James Edward Small, of 1 Ranscombe Cottages, a brother of the deceased, said that at about 10.40 pm he was walking with his brother, Mr and Mrs Preston and Mr Arthur Bell, down Ranscombe Hill towards Glynde. They were on their left hand side of the road. A motor car was overtaking them when witness was suddenly hit on the back, but what hit him he did not know.

Answering the foreman of the jury, witness said they were not straggling across the road. The night was dark, and witness did not notice any beam of light such as might have come from the headlight of a motor cycle. The motor car that was overtaking them was going in the same direction as the motor cycle.

Answering Mr Porter, witness said deceased was not quite in the middle of the road at the time of the accident.


Harry Preston, of 4 Ranscombe Cottages, said that Bell, James Small and himself were walking along the road not quite abreast of each other, Small being a little to the rear. Behind them were deceased and witness's wife. Witness was right in on the near side,close against the verge. The deceased was no more two yards out into the road, and was wheeling a bicycle which had a reflector. About 100 yards from the fingerpost a motor car went past them, and another car was overtaking them. Witness did not hear a horn sounded. He heard a bump, and witness's wife shouted out.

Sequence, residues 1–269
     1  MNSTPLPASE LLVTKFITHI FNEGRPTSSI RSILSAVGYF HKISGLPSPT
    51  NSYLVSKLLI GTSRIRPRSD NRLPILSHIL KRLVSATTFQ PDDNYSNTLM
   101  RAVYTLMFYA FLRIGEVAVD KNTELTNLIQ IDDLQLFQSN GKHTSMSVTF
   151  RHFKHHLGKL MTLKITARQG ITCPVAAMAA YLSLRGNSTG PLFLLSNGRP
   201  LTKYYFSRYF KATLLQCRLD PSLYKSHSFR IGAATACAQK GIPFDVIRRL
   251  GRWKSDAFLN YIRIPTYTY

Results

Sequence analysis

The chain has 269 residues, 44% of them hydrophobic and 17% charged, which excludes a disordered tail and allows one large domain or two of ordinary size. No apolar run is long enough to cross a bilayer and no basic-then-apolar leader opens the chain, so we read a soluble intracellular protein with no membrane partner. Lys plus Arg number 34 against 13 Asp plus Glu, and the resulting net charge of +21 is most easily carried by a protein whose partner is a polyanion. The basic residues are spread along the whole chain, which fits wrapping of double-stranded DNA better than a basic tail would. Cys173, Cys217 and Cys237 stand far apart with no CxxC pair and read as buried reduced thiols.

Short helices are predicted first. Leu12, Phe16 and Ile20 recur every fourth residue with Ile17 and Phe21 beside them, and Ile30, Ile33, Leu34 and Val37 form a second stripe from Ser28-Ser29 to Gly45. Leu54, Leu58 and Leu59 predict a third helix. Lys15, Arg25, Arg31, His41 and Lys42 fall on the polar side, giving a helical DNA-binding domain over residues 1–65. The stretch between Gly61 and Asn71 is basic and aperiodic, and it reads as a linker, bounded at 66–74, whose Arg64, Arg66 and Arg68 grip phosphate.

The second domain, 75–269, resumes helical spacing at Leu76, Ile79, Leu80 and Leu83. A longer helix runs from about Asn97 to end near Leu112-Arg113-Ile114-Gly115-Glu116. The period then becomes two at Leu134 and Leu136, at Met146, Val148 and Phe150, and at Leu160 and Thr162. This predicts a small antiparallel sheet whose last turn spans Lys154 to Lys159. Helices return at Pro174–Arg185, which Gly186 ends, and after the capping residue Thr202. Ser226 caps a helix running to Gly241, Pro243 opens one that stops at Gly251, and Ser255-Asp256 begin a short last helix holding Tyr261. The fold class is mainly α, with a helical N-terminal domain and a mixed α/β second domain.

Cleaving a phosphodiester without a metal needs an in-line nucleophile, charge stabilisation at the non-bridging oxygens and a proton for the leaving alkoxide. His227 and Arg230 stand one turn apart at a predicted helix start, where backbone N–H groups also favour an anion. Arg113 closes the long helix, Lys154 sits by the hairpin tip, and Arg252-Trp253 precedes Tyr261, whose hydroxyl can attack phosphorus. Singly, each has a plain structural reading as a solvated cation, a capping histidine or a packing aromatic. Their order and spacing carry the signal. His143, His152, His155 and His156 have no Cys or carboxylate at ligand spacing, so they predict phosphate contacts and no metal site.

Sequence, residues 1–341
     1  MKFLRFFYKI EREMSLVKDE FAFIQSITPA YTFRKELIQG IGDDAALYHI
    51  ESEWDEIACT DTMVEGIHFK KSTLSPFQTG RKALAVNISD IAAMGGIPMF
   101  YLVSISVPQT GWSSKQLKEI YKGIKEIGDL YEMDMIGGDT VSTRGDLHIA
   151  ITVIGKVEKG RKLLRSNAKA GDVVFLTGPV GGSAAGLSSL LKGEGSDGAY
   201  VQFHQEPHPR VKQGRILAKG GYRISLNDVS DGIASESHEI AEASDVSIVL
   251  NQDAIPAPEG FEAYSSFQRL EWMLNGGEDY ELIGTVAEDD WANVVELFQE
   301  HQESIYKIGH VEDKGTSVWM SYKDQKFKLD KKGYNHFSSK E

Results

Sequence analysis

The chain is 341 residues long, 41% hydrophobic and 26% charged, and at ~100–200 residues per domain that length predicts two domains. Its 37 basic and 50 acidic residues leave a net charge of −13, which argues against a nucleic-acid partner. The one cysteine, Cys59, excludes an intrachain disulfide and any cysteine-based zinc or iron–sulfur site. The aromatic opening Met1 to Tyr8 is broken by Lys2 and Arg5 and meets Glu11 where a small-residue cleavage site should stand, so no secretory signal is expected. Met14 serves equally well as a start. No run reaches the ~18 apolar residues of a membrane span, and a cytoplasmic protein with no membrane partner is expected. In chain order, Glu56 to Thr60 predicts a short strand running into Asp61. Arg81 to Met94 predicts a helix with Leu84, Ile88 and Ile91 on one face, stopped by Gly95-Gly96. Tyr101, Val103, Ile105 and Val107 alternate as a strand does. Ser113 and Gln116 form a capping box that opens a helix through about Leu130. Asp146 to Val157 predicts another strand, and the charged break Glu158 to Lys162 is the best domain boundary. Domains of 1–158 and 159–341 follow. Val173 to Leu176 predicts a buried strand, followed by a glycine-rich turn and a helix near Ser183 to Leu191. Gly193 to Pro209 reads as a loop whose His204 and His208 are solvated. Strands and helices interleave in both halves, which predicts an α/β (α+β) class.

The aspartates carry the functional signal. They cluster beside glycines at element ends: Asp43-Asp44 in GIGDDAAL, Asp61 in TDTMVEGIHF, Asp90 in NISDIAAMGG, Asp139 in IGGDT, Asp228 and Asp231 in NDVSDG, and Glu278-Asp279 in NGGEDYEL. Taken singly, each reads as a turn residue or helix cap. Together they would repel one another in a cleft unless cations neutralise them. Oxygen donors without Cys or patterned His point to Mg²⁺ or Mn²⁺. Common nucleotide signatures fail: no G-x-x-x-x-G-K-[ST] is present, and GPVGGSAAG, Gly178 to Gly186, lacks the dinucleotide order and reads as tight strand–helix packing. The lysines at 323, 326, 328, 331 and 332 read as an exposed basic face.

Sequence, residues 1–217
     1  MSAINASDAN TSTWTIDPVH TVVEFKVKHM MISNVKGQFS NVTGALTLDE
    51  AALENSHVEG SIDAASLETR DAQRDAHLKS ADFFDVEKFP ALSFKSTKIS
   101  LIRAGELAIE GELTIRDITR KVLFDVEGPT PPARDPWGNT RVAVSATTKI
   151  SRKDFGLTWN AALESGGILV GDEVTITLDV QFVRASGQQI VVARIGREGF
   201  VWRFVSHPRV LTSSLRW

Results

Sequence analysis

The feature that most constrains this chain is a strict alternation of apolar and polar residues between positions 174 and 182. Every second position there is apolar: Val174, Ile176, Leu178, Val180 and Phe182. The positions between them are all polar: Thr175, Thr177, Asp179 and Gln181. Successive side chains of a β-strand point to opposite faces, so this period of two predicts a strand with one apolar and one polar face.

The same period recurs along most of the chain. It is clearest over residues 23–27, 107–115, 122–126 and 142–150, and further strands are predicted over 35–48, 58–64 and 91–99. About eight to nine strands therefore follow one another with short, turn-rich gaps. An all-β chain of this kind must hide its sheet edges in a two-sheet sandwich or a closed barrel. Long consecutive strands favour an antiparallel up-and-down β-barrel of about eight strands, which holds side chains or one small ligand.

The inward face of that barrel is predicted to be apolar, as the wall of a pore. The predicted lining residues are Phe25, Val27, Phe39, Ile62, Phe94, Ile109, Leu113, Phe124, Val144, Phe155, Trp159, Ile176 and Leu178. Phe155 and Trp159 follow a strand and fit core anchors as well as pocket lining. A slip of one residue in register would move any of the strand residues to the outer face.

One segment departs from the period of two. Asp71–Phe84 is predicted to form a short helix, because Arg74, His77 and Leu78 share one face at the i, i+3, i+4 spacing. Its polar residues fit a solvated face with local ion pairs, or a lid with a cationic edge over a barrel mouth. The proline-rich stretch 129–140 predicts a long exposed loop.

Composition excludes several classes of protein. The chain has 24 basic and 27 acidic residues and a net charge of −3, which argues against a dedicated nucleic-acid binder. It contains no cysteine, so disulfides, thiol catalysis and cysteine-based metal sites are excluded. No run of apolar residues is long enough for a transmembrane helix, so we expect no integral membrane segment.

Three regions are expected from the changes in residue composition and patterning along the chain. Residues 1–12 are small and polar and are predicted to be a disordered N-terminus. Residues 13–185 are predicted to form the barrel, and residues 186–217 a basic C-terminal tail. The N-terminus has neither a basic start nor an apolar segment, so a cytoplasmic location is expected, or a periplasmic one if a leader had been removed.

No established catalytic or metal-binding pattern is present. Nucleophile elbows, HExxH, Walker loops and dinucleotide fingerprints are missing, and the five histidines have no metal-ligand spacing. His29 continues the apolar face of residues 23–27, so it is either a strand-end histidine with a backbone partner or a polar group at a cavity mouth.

The next thing he saw was deceased being thrown across the road. A few seconds later he saw a motor bicycle lying some ten yards farther down the road. The motor car stopped within three or four inches of the deceased's head. Witness saw that deceased was very badly injured, and he stayed with him until he died.

Replying to Mr Porter, witness said he did not actually see the motor bicycle strike the deceased, and answering a question of Superintendent Waghorn, he said he was certain it was not the car that struck deceased.

Hilda Lilian Preston, wife of the last witness, stated that she was walking in the rear with deceased, who was on her right. Something hit her on the side of the head and threw her onto the bank. She saw one or two figures lying on the bank, and another in the road. She did not see deceased hit; she simply heard someone say 'Oh!'